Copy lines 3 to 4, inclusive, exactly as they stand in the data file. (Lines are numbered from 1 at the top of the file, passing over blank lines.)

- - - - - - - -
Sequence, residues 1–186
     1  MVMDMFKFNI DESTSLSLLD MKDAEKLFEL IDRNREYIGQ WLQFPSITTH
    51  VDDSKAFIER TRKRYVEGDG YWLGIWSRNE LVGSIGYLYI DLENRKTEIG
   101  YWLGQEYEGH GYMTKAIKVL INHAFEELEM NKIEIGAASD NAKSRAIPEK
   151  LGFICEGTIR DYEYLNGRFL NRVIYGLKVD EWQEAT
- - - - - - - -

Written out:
    51  VDDSKAFIER TRKRYVEGDG YWLGIWSRNE LVGSIGYLYI DLENRKTEIG
   101  YWLGQEYEGH GYMTKAIKVL INHAFEELEM NKIEIGAASD NAKSRAIPEK